The day after the defeat, many Republicans are rightly pondering what they can do to offset what appears to be a strong partisan advantage for Democrats in the electorate in general, but especially among Hispanic voters. I think that makes Rubio, the son of Cuban immigrants and a popular senator in a key state that Romney narrowly lost, a presumptive favorite for 2016 if he is inclined to run for president. Though Rubio can’t solve all of his party’s problems, a consensus about the need to think outside the usual GOP box could give him an edge over other obvious possibilities, such as New Jersey Governor Chris Christie, Romney running mate Rep. Paul Ryan, and a host of lesser known options.
As the national vote total began to solidify last night, one question on the minds of Republicans was: Where are the missing voters? Last night it looked like Mitt Romney had received something like 10 to 15 percent fewer votes than John McCain had in 2008, even though his percentage of the overall vote was at least two points higher. What did this mean? Where did the voters go? They didn’t go to Barack Obama, because exit polls suggested he had basically turned out the same demographic support he had four years ago. So where are they? Did this suggest a significant element of the GOP base had stayed home? Perhaps evangelical voters quietly refusing to cast a ballot for a Mormon? Populist voters disgusted by the 47 percent tape?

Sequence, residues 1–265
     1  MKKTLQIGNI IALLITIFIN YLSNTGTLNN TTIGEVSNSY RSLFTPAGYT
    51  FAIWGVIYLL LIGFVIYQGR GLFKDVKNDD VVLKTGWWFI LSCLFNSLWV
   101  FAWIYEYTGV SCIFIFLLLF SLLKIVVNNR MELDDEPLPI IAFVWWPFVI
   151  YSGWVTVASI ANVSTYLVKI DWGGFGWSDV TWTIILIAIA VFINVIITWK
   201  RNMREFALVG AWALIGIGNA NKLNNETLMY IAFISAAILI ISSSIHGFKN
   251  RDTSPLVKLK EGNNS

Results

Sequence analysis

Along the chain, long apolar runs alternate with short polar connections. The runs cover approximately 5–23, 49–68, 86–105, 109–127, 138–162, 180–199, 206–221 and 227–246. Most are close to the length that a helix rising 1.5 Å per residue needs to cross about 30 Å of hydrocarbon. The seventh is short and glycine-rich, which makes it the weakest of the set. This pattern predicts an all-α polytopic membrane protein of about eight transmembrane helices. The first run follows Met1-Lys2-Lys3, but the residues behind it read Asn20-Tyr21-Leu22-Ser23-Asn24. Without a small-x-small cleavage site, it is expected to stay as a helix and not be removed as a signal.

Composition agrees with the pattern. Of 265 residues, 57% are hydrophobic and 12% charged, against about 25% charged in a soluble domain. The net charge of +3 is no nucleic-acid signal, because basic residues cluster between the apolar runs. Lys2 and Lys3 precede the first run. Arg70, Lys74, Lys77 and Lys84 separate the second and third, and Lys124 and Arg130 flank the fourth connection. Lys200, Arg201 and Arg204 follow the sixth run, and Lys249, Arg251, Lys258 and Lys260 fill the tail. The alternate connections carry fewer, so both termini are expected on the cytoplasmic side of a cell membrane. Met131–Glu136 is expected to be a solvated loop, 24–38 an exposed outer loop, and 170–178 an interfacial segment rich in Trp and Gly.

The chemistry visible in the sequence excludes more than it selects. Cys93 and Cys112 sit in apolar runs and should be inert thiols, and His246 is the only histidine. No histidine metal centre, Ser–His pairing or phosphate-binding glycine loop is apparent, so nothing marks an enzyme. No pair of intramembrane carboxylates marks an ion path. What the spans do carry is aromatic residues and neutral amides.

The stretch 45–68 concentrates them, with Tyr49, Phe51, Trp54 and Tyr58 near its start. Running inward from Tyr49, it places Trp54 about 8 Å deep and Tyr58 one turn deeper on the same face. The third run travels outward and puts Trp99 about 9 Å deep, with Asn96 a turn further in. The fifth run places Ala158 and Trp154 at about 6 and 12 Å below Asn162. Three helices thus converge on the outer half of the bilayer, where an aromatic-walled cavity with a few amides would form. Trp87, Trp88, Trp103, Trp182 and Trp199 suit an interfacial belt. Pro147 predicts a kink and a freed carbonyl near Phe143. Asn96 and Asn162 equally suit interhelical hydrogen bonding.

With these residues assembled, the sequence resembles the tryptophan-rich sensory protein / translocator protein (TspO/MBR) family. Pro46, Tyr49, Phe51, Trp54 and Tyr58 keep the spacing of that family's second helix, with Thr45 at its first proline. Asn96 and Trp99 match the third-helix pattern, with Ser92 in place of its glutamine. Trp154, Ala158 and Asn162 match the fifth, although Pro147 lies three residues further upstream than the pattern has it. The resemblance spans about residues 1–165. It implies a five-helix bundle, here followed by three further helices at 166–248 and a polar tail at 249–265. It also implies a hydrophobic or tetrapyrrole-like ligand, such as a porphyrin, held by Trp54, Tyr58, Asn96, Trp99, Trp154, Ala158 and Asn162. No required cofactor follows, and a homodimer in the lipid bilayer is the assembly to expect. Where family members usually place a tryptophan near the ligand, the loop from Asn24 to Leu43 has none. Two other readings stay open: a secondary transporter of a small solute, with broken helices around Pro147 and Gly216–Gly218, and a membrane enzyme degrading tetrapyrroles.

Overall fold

As I write, Mitt Romney has 57.4 million votes. John McCain ended up with 59.9 million. It’s a little noticed fact that in two weeks following every presidential election, votes continue to be reported…by the millions. As I recall, Barack Obama got something like four million more votes in the weeks after election day, while John McCain got two or three million. It’s likely that by Thanksgiving, the final vote tally will show Romney very close to or even slightly exceeding McCain’s total.
So there are probably no missing voters. The idea offers a certain degree of cold comfort for conservatives and Republicans, because it would suggest the problem was with Romney’s candidacy in particular and not with the movement or the party. But it’s false, and they will not be spared the reckoning about the party’s future.
About a month ago, I noted that moderate Democrat Heath Shuler’s retirement was oddly unnoticed for a liberal media landscape obsessed with the supposed lack of “moderates.” I had mentioned that the retirement of Joe Lieberman, to be replaced by a more liberal Democrat, would be another sign that moderate Democrats were going extinct, and that this didn’t seem to bother Washington’s bipartisanship fetishists. And two days ago, I made the same point with regard to Scott Brown, the moderate Republican Massachusetts senator who was popular and bipartisan but who went down to defeat last night at the hands of a class warfare superstar of the academic hard-left.